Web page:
One of the few areas that the long arm of advertising has not touched is public TV and radio, as federal law prevents broadcasters who receive money from the government from airing paid ads for political candidates, issue advocacy or corporations.
Now, those waiting for the end of that advertising respite will need to wait a little longer —the 9th Circuit upheld federal law on Dec. 2, voting 9-2 to strike down a California non-profit group’s challenge to broadcast advertisements on its public TV station.
The court said in its ruling (PDF) that the government has an interest in restricting promotional advertising in order to “preserve the essence of public broadcast programming.” Ruling against the argument that advertisements constituted free speech, the court said that the law as written was “narrowly tailored to the harms that Congress sought to prevent and that the restrictions left untouched speech that did not undermine the goal of the statute.”
The majority opinion also differentiated this case from the Supreme Court’s Citizens United ruling, which allowed corporations to donate unlimited sums to political campaigns under the umbrella of free speech. U.S. Circuit Judge M. Margaret McKeown said that case was different, as it “was not about broadcast regulation; it was about the validity of a statute banning political speech by corporations.”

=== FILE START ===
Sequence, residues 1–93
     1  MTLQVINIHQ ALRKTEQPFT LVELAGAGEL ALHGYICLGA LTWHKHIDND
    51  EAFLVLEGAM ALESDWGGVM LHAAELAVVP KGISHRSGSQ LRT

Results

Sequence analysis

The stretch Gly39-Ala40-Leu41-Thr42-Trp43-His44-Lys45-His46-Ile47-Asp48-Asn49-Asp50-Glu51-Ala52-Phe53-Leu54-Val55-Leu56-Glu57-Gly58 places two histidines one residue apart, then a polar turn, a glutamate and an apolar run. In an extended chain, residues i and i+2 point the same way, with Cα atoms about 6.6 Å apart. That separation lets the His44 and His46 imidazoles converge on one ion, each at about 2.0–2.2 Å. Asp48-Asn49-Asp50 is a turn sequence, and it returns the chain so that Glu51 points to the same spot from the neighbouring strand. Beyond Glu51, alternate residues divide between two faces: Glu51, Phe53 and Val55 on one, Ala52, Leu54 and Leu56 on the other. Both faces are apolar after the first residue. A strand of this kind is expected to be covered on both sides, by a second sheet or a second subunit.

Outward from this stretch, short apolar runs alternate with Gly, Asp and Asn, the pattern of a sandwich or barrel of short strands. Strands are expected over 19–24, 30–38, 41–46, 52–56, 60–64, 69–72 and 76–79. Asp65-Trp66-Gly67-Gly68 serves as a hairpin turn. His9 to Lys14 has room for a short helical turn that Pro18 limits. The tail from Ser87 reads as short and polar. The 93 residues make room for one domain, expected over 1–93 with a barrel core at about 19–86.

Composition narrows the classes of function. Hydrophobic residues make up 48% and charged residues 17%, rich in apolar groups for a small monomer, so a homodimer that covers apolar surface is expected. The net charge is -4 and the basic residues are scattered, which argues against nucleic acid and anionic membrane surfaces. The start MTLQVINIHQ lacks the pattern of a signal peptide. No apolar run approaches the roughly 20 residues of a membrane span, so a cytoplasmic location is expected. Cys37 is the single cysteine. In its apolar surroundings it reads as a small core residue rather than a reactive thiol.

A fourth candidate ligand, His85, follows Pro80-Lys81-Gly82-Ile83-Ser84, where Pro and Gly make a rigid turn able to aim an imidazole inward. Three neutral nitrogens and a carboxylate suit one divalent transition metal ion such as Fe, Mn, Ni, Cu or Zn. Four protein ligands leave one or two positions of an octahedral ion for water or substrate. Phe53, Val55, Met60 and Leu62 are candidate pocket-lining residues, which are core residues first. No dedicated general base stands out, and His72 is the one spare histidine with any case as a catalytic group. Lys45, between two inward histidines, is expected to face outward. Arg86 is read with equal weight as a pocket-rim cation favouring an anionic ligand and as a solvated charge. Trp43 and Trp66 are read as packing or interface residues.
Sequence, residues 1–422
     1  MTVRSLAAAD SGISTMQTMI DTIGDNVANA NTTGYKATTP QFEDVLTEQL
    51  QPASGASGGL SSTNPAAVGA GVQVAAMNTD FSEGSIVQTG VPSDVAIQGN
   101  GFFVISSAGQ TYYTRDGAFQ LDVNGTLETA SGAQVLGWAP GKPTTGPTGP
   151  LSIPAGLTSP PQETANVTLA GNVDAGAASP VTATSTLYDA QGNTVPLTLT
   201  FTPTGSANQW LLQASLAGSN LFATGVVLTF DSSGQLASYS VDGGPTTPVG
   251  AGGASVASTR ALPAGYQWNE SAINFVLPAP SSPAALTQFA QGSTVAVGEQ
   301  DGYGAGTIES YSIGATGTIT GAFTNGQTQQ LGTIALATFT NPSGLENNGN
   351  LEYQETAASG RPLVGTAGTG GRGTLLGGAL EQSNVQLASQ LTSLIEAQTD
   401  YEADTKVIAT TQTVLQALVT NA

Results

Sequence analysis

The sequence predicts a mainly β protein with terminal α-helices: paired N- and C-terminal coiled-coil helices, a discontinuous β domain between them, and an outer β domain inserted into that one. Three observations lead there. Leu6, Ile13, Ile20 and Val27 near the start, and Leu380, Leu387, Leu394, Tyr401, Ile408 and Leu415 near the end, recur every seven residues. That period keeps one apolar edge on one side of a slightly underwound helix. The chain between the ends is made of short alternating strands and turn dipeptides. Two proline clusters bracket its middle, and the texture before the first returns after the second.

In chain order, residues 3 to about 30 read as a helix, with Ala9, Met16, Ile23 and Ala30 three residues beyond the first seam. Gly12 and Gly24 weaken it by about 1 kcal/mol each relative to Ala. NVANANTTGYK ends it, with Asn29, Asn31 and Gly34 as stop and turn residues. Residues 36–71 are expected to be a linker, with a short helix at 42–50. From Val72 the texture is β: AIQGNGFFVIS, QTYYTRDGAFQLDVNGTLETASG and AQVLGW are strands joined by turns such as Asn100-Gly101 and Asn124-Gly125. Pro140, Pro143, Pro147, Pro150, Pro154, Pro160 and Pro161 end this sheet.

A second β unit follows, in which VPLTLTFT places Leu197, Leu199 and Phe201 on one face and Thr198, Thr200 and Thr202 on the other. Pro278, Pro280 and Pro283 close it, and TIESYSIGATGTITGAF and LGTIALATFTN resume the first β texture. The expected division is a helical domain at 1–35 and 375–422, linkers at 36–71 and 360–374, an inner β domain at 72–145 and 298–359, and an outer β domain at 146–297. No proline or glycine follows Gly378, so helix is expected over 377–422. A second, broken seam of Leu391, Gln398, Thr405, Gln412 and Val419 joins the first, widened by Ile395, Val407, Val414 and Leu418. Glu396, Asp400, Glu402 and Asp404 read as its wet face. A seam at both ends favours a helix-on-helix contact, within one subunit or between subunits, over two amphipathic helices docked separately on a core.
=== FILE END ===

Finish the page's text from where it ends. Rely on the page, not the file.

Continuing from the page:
The case originally came about after Minority Television Project Inc., which runs the public TV station KMTP in Palo Alto, Calif., sued the Federal Communications Commission (FCC) over a $10,000 fine it received for airing advertising. A federal judge originally ruled in the FCC’s favor, but a three-judge appeals court panel later ruled 2-1 to overturn the law. The FCC then appealed that decision to the 9th Circuit.
Walter Diercks, an attorney for Minority Television, does not agree with the court’s decision. Diercks told Bloomberg that “from our point of view, the majority got it wrong.” He says that the ban on advertising violates free speech, and that the Supreme Court did not treat speech distributed by broadcast differently from speech over satellite or cable in Citizens United.
Minority Television has months to consider an appeal to the Supreme Court, but Diercks made no indication that he plans to do so. “Unfortunately this is sort of a David and Goliath thing,” Diercks said.
This isn’t the only time the FCC has been in the news recently. For more on the Commission, check out these InsideCounsel stories: